IMR Press / FBL / Volume 4 / Issue 5 / DOI: 10.2741/A479

Frontiers in Bioscience-Landmark (FBL) is published by IMR Press from Volume 26 Issue 5 (2021). Previous articles were published by another publisher on a subscription basis, and they are hosted by IMR Press on as a courtesy and upon agreement with Frontiers in Bioscience.

Long term hematopoietic damage after chemotherapy and cytokine
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1 Louisiana State University School of Medicine, Department of Pediatrics, 1542 Tulane Avenue, New Orleans, LA 70112, USA
Front. Biosci. (Landmark Ed) 1999, 4(5), 47–57;
Published: 15 July 1999

Cancer chemotherapy causes severe damage to hematopoietic stem cells in both experimental animals and humans. While all levels of differentiation may be impacted, the most pivotal target of damage is the most primitive hematopoietic stem cell, PHSC. This cell not only suffers defective repopulating activity but also is quantitatively depleted. The causes of this damage are not clear. Severe possible explanations for this damage are discussed. They include: ineffective stromal support of stem cell function and reproduction; residual DNA damage preventing replication; accelerated cycling; and decreased responsiveness to normal physiologic growth stimuli. Efforts at chemoprotection, including manipulation of glutathione or aldehyde dehydrogenase levels, cytostatic peptides, immunomodulatory chemicals and cytokines are detailed. In particular, concern has been raised regarding potential deleterious consequences of combined chemotherapy-cytokine use, but substantiation of the cited data is warranted.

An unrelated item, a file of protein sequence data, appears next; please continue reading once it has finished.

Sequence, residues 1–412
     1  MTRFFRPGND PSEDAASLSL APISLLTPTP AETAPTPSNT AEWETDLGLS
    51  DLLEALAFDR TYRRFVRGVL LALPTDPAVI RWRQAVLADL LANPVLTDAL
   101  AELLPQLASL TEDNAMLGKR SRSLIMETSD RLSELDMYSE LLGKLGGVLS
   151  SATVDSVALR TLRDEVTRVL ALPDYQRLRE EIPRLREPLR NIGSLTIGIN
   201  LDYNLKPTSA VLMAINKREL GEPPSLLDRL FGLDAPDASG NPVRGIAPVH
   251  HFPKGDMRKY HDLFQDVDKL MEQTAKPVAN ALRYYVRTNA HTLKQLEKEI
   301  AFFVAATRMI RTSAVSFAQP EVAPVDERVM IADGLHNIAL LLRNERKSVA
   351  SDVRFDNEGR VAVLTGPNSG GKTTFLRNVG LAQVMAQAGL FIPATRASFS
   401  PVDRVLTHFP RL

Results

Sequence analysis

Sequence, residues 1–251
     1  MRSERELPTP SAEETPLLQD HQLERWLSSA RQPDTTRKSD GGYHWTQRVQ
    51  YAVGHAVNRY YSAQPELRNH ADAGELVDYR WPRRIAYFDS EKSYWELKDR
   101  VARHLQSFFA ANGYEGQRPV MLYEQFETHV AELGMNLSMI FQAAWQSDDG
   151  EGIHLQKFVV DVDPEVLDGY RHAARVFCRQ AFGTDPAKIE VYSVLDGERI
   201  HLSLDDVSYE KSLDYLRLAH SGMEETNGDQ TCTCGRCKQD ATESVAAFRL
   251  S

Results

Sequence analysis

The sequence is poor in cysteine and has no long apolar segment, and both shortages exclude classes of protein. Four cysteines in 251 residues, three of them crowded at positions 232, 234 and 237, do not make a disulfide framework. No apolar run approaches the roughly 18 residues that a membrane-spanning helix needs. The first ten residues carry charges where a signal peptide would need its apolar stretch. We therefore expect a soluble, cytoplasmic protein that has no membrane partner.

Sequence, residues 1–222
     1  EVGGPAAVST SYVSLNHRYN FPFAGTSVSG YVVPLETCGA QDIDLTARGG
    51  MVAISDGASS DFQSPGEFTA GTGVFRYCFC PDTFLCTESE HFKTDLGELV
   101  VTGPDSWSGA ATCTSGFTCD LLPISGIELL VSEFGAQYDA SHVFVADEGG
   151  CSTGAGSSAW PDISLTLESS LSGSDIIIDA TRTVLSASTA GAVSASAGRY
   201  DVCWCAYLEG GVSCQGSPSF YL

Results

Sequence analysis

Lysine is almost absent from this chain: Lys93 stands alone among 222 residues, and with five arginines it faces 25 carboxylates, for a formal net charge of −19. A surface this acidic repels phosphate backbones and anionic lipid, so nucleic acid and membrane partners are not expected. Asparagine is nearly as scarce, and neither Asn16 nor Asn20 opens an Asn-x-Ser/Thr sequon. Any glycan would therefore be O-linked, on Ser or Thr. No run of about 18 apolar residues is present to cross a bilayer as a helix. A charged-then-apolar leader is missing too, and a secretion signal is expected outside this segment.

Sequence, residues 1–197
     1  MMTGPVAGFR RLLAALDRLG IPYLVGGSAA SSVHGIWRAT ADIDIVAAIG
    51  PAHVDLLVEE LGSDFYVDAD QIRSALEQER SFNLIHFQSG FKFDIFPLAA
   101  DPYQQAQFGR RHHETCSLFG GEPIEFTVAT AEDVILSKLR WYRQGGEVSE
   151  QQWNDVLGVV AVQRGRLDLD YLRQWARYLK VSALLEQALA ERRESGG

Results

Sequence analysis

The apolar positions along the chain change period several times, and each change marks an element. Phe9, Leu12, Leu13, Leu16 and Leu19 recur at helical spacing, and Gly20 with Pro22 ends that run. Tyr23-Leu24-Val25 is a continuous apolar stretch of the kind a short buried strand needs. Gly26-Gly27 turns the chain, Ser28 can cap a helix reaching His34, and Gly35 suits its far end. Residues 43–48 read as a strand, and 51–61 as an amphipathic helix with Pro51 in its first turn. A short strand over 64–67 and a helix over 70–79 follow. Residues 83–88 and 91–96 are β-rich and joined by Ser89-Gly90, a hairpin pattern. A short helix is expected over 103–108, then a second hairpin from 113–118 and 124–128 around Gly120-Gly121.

Bone marrow
Stem cells
Competitive re-population
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